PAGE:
Yemen: Finding A Deal Saleh Can't Refuse


November 10, 2011: President Saleh continues to negotiate the terms of his leaving and turning power over to vice president Abd-Rabbu Mansour Hadi. After that comes new elections and a new coalition to dominate the economic and ecological disaster known as Yemen.

Saleh has backed away from carrying out such deals, at the last minute, three times. The UN and a coalition of Persian Gulf states keep putting these deals together. Saleh's hold on the country keeps slipping and most Yemenis doubt he will be able to hold onto power. Saleh seems to be maneuvering to get out with amnesty, and the ability to retire peacefully. The UN and the Gulf state diplomats are telling him to sign and leave soon or a peace (and amnesty) deal will be out-of-reach. If Saleh doesn't listen, he will be left to the anger of the growing opposition. While Saleh still has many supporters, most Yemenis are tired to the constant violence and growing shortages caused by the disruptive effect all of this has had on the economy.

November 9, 2011: In Abyan province, an al Qaeda death squad failed in an attempt to kill two tribal leaders who opposed Islamic terrorists. While al Qaeda has some tribal support in Abyan, many tribes and clans oppose them. The al Qaeda response is to try and terrorize these tribal leaders into changing their minds, or at least being neutral. While this has sometimes worked, it has also enraged many tribesmen and created more armed enemies for al Qaeda. The Islamic terrorists also go after government officials, especially senior intelligence officers (who also handle relations between the army and the tribes.)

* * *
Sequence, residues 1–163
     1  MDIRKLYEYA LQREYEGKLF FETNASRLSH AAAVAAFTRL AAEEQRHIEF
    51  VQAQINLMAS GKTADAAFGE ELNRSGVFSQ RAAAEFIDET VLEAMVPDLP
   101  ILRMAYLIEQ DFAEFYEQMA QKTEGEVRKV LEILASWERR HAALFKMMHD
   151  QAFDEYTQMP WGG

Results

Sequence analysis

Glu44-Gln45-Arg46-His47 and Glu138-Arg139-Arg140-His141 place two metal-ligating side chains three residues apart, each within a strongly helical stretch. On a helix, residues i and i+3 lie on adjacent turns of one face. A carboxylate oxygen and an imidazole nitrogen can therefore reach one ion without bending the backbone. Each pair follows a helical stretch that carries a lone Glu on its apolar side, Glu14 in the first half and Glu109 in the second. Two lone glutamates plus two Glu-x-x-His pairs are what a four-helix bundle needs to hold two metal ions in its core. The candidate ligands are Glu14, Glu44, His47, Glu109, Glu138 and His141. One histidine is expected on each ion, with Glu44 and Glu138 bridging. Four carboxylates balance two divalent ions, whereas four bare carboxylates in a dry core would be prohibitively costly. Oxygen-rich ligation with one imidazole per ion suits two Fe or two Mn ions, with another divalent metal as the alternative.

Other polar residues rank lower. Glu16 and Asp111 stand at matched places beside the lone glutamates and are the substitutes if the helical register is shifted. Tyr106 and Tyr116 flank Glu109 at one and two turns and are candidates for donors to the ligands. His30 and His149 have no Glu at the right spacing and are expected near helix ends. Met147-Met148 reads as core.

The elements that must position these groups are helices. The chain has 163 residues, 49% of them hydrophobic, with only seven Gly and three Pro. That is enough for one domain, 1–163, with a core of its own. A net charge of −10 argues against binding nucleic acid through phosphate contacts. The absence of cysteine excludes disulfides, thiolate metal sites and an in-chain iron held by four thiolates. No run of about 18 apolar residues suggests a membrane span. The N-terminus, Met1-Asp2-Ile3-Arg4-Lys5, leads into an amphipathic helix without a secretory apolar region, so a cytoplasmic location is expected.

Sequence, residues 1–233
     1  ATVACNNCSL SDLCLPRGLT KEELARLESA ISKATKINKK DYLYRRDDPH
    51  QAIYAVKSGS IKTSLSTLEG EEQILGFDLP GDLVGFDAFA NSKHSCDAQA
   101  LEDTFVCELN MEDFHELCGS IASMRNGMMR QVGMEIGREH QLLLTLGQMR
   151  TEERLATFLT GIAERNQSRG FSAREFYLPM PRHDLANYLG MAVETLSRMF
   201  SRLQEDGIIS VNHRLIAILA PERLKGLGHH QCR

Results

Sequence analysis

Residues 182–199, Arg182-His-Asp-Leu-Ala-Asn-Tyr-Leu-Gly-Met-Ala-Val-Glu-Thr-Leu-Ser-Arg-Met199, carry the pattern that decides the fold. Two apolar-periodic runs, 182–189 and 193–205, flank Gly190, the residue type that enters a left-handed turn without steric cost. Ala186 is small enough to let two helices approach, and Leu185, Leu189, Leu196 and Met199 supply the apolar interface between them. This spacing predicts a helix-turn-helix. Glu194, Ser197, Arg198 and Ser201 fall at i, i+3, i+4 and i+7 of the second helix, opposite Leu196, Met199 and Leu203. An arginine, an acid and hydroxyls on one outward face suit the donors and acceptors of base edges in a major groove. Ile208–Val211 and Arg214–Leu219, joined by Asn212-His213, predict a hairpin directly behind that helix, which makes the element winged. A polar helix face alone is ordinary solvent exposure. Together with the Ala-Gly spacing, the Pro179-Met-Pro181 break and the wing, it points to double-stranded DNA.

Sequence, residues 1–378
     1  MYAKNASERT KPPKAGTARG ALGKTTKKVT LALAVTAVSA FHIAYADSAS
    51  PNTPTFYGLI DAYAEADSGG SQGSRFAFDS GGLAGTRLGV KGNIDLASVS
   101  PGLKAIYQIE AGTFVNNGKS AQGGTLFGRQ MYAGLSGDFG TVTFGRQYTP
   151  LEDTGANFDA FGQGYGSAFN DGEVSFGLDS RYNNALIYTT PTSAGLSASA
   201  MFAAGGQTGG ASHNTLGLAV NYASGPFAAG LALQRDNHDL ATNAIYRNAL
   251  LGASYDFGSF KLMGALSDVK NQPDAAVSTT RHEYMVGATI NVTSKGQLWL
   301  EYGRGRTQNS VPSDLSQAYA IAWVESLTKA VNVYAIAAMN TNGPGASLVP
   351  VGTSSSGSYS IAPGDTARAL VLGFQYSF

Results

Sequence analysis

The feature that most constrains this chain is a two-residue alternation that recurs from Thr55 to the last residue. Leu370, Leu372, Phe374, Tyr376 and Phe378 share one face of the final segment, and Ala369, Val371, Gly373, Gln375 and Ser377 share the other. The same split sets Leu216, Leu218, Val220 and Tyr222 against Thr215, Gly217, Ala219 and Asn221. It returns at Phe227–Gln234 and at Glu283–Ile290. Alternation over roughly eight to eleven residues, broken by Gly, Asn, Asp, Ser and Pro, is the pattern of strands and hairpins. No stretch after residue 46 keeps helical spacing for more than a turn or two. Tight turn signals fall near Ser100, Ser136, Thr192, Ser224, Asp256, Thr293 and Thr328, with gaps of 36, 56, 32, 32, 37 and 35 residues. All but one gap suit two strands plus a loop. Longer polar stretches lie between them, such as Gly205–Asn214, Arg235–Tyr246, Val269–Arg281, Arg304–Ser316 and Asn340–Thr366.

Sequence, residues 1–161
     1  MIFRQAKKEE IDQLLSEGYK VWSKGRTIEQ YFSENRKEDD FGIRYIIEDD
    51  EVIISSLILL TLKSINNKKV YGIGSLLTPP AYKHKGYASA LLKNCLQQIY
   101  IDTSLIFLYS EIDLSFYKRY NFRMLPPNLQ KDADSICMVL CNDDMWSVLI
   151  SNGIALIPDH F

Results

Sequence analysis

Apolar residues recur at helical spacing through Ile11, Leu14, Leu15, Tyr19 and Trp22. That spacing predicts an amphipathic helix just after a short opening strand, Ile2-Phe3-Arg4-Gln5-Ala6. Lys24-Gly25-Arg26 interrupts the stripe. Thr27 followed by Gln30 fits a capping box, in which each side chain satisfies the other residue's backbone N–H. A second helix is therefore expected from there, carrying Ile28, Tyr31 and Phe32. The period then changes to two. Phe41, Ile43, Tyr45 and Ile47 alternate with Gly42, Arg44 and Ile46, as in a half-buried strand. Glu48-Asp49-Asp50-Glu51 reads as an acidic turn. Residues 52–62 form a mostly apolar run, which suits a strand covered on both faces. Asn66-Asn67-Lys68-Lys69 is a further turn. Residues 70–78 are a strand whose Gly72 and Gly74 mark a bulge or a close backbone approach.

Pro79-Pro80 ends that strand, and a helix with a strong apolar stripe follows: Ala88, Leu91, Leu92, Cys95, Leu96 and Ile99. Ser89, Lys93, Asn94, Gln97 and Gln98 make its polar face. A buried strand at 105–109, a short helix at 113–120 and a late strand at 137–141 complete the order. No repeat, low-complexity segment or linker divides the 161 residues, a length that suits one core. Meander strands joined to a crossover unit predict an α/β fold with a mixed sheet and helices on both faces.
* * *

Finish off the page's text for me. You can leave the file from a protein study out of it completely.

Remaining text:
November 8, 2011: Fighting in Zinjibar, the capital of the Abyan province, left at least twenty al Qaeda gunmen dead. Troops on the ground, their artillery and the air force bombers combined to destroy a band of al Qaeda fighters. Fighting has been intense in Zinjibar for most of the week, with dozens of casualties a day. Most of the dead are al Qaeda, who are outnumbered and outgunned by the soldiers and tribal militia they face in and around the city. But there are hundreds of al Qaeda fighters in Abyan, and thousands of tribesmen who back them. This has created a sort of civil war down there. The soldiers, although technically under the control of president Saleh, are seen as allies by tribesmen who oppose al Qaeda and Saleh.

November 4, 2011: As has happened every Friday this year, there were large anti-Saleh demonstrations in the capital and several other cities.




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